A Case of the Shakes: Cloverfield offers a refreshingly fresh take on monster genre | The Source Weekly - Bend, Oregon

A Case of the Shakes: Cloverfield offers a refreshingly fresh take on monster genre

Just one of the dizzying moments in Cloverfield.After many months of prerelease hype and viral marketing, audiences are finally getting a look at Cloverfield - a scary, very shaky (physically, not technically) disaster movie whose effect is often distressingly real. So real, that some folks I saw it with seemed ready to vomit.

The premise is that a tape has been found in Central Park after an unexplained disaster, and our task is to sit back and watch it. It begins with playful couple Rob and Lily (Michael Stahl-David and Jessica Lucas) as they speak to one another after a night of apparent unabashed sexuality.

The video spends a little more time with them, but then we skip ahead to Rob's going-away party (he's leaving for Japan), with he and Lily no longer together. After a few minutes of character development, there's a big tremor, then another, then a nasty roar, and then explosions and beheaded national monuments. The film never lets up from here, and possesses a high freak-out factor. Whatever it is attacking the city we only see in brief, partial glimpses.

Cloverfield is a shaky, shaky movie. It's filmed handheld, and seen mostly through the perspective of Hud (T.J. Miller) somebody who is not used to a video camera. Hud doesn't always hold the camera to his head; sometimes it is at his side as he runs like hell to safety, or is dropped on the ground when he's knocked off his feet. Simply put, the effect can be disorientating on the audience.

I saw many people get up and leave during Cloverfield. Every thirty seconds or so somebody would woozily walk down the steps towards the entrance. Sometimes they came back and sometimes they were never seen again.

The movie may give you motion sickness, if you are prone to that sort of thing. But I get sick on the Disney Tea Cup ride, and the movie didn't make me dizzy. Still, I've heard more reports of people sickened at screenings of this movie than I did with Woody Allen's handheld opus, Husbands and Wives. My advice is to give yourself some distance from the screen.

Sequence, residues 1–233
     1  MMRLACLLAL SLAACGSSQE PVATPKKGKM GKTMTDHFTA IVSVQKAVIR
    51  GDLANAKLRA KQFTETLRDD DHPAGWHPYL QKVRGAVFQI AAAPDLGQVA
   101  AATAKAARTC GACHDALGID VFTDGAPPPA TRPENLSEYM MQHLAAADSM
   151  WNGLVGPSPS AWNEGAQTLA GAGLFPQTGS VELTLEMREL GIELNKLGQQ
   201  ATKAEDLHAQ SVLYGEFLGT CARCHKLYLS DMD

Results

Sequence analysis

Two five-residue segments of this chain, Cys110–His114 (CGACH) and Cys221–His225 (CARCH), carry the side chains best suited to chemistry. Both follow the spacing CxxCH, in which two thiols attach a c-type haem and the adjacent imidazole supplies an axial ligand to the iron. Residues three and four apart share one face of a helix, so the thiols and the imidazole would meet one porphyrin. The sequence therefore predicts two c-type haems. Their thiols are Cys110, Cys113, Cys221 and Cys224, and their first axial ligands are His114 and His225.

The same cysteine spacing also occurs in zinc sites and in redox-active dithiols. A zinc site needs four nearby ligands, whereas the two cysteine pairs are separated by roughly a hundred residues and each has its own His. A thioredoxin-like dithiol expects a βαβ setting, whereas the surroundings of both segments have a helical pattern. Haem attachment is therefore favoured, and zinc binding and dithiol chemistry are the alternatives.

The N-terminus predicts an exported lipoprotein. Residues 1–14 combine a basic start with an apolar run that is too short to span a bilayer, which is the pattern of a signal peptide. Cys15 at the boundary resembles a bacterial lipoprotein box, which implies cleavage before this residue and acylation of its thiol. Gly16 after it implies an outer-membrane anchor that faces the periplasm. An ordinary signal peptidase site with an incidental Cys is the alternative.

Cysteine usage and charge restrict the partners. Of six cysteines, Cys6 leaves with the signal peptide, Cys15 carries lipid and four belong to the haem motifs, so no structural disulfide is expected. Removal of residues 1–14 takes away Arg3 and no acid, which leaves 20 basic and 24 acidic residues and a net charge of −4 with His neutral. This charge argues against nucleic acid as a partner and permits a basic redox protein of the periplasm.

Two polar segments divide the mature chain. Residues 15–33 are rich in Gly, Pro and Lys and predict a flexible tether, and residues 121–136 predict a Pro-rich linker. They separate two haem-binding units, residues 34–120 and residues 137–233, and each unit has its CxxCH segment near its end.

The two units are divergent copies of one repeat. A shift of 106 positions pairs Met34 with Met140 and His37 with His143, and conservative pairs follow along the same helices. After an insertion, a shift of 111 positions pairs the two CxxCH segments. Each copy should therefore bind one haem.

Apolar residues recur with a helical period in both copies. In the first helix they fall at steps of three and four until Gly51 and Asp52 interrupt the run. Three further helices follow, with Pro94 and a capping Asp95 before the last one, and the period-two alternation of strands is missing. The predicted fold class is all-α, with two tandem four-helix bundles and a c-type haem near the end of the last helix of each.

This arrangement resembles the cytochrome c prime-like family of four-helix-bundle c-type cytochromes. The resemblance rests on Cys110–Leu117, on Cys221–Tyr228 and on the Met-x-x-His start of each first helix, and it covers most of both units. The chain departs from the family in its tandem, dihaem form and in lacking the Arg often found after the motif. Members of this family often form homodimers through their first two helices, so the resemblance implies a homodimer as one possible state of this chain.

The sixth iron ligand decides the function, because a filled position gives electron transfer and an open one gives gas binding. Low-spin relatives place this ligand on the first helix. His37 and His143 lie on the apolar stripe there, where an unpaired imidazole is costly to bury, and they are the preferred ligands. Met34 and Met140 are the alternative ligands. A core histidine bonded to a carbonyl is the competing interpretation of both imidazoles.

Director Matt Reeves and producer J.J. Abrams (the man responsible for "Lost" and all of its mystery and self contained mythology) reveal nothing obvious about the monster's origins. It's reptilian in nature, and it sheds spider-like parasites that do very horrible things to members of the cast. With only brief glimpses at television sets and quick chats with military men, the protagonists remain in the dark about what is attacking them.

Give the cast of relative unknowns credit for acting as if they aren't acting, and doing it well. They're dialogue and reactions seem very spontaneous, and nobody behaves as if they are "faking" a reality scenario with scripted lines (Something that marred Brian De Palma's lame Iraq War drama, Redacted). The special effects, including the destruction of the Brooklyn Bridge, seamlessly blend into the video format. The monsters swishing tale and clawed feet look real.

As for the monster, you do eventually get a long glimpse of it. I'll just say that it's an ugly bastard, and I wouldn't want it in my city. I had a great time at this one. You'll hear some folks liken it to a scary amusement park ride, and I belong in that party. You'll also hear some folks claim the jittery film made them ill, so proceed with caution if shaky cam has given you headaches in the past.

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Directed by: Matt Reeves. Written by: Drew Goddard. Starring: Lizzy Caplan, T.J. Miller, Mike Vogel, Jessica Lucas. Rated: PG-13.

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